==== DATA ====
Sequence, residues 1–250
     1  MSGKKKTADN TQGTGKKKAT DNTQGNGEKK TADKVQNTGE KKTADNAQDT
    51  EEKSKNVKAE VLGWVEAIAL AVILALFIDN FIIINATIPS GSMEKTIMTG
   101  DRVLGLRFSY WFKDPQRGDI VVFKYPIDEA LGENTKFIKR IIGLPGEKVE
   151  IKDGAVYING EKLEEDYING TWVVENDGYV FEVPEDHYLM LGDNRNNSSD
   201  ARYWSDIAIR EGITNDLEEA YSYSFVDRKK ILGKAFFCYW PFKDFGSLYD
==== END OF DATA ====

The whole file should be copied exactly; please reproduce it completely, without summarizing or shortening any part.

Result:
Sequence, residues 1–250
     1  MSGKKKTADN TQGTGKKKAT DNTQGNGEKK TADKVQNTGE KKTADNAQDT
    51  EEKSKNVKAE VLGWVEAIAL AVILALFIDN FIIINATIPS GSMEKTIMTG
   101  DRVLGLRFSY WFKDPQRGDI VVFKYPIDEA LGENTKFIKR IIGLPGEKVE
   151  IKDGAVYING EKLEEDYING TWVVENDGYV FEVPEDHYLM LGDNRNNSSD
   201  ARYWSDIAIR EGITNDLEEA YSYSFVDRKK ILGKAFFCYW PFKDFGSLYD